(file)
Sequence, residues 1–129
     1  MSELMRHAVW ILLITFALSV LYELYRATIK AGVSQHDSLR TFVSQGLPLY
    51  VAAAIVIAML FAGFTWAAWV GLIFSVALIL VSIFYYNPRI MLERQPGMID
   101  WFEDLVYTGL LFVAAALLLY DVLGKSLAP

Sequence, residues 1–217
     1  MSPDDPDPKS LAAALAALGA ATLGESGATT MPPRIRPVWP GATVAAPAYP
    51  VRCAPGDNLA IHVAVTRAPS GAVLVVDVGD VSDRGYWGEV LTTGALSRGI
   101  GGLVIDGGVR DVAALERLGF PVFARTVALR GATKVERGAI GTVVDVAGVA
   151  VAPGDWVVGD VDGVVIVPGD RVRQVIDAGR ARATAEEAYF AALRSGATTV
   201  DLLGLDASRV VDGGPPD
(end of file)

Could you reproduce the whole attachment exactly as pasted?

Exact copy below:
Sequence, residues 1–129
     1  MSELMRHAVW ILLITFALSV LYELYRATIK AGVSQHDSLR TFVSQGLPLY
    51  VAAAIVIAML FAGFTWAAWV GLIFSVALIL VSIFYYNPRI MLERQPGMID
   101  WFEDLVYTGL LFVAAALLLY DVLGKSLAP

Sequence, residues 1–217
     1  MSPDDPDPKS LAAALAALGA ATLGESGATT MPPRIRPVWP GATVAAPAYP
    51  VRCAPGDNLA IHVAVTRAPS GAVLVVDVGD VSDRGYWGEV LTTGALSRGI
   101  GGLVIDGGVR DVAALERLGF PVFARTVALR GATKVERGAI GTVVDVAGVA
   151  VAPGDWVVGD VDGVVIVPGD RVRQVIDAGR ARATAEEAYF AALRSGATTV
   201  DLLGLDASRV VDGGPPD